July 25, 2006
Brand Naming: Watch Out For Paws and Pause
Homophones are words which have the same sound but different spellings, such as “paws” and “pause.” English has a phenomenal number of these, though none of them start with X or Z, at least according to Suber & Thorpe’s online English Homophone Dictionary.
Homophones are one of the primary sources of puns. If your company’s name has a homophone, it increases the ease with which people can make jokes about it. Some companies deliberately call on the humor of homophones in naming their businesses, like the eyeglass merchant Site for Sore Eyes or a local alterations shop called Sew What.
As I mentioned in my post last week; Brand Naming: Students Know Technology, Not Branding; the name of the fictitious company S.O.R.E. was an attempt to invoke the connotations of “soar.” Even if the students had named their project “Soar,” however, the fact that the name sounded like “sore” would have been a drawback. Nintendo’s “Wii” has come under fire as a homophone not only of “we” but of “wee.”
In addition to the potential for ridicule, homophones leave consumers open to confusion and could hamper brand recognition. A 2000 Brandweek article reported that only 20% of respondents surveyed by Doremus recognized Sysco as a food products distributor, whereas 60% appeared to mistake it for tech giant Cisco.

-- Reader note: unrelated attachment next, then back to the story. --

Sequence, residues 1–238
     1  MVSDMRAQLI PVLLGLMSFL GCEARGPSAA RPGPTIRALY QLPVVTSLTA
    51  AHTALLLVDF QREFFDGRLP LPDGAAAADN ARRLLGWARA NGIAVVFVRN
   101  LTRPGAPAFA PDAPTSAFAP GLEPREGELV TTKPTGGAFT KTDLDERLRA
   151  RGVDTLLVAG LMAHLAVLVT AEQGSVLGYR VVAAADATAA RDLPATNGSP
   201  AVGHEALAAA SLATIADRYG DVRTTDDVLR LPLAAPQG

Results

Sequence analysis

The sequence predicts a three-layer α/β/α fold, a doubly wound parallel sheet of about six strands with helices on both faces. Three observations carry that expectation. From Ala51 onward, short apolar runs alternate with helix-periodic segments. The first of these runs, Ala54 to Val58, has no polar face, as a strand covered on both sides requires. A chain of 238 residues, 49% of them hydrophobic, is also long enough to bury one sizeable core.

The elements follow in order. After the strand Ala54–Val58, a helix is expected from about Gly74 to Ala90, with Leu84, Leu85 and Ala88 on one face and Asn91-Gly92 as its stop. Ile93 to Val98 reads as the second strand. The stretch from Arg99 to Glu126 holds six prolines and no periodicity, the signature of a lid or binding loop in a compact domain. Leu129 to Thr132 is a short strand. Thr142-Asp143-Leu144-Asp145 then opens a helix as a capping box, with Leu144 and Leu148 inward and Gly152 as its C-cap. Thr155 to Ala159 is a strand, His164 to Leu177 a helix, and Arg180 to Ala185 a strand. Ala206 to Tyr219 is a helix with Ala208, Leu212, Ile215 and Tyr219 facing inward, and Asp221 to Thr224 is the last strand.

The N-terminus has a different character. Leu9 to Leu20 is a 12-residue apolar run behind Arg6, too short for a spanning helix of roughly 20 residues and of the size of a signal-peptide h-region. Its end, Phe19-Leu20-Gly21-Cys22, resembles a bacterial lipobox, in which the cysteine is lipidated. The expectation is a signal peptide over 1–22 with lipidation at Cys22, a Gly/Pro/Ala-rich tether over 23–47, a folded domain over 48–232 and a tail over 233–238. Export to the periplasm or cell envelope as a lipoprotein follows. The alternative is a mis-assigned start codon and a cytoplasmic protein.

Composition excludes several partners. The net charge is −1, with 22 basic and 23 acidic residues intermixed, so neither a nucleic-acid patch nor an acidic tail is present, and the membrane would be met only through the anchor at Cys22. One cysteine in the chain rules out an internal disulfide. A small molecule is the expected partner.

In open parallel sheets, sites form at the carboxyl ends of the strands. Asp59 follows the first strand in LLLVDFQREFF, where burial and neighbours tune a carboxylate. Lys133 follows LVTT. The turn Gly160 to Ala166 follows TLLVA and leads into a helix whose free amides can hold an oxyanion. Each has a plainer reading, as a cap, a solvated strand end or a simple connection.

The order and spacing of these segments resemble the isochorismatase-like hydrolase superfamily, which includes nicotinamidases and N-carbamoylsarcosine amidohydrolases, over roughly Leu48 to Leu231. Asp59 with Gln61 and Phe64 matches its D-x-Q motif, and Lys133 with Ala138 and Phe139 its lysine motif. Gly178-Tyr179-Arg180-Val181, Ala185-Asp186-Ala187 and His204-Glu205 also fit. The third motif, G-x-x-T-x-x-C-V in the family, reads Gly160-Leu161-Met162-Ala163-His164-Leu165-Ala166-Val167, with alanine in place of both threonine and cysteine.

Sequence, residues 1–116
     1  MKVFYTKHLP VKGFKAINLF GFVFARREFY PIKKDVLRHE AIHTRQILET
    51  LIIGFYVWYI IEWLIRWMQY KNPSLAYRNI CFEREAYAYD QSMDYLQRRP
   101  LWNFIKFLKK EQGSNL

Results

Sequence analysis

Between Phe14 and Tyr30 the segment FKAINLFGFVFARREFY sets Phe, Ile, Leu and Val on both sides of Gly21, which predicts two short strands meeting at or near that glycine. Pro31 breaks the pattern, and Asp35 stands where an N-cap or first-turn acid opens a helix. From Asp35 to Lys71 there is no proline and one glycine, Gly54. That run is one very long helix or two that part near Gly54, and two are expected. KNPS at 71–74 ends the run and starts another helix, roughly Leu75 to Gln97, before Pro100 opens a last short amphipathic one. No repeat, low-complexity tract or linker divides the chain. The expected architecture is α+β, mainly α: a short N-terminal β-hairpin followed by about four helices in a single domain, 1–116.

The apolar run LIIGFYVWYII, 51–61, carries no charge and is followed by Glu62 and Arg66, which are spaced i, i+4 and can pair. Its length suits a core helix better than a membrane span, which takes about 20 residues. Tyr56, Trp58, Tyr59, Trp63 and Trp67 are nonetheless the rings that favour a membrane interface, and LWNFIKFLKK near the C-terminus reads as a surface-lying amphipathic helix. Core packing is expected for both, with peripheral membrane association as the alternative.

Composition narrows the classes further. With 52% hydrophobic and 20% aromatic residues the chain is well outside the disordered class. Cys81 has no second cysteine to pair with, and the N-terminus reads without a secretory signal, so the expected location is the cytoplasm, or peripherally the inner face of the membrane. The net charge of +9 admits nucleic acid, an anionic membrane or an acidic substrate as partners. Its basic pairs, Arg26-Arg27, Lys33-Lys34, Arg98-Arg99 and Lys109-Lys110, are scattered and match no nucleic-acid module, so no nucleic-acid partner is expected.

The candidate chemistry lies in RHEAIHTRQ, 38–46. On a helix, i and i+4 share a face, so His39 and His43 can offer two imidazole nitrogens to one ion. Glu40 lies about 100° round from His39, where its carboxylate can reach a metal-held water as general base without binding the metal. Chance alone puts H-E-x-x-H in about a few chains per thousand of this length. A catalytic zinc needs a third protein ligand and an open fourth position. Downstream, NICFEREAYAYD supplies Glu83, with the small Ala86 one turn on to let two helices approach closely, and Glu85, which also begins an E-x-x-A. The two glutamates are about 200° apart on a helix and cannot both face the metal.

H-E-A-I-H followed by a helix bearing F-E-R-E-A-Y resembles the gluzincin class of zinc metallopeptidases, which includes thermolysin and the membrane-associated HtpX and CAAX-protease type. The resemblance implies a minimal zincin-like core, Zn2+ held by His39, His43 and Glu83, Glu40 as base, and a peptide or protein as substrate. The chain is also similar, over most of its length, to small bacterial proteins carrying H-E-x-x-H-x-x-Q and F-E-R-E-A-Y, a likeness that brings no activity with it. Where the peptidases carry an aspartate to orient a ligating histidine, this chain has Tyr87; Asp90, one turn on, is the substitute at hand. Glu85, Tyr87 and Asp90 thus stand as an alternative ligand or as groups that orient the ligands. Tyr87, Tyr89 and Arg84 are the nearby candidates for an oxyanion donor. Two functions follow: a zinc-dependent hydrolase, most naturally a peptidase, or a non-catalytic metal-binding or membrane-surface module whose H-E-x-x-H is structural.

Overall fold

One suspects most American consumers would mis-identify the shipping company Cosco as the discount retailer Costco. Even though none of the four companies has a natural word for a name, they are still homophones.
Having your brand mistaken for someone else’s is never good. The point of filing a trademark is to protect your company from this kind of consumer confusion. The USPTO’s trademark search function is actually pretty good at uncovering homophones for search terms, but it’s perfectly legitimate for two companies in different industries to have names which sound alike.
It’s just not good for brand recognition. To avoid confusion when naming your own company or product, stay away from homophones unless you’re making a deliberate play on words.
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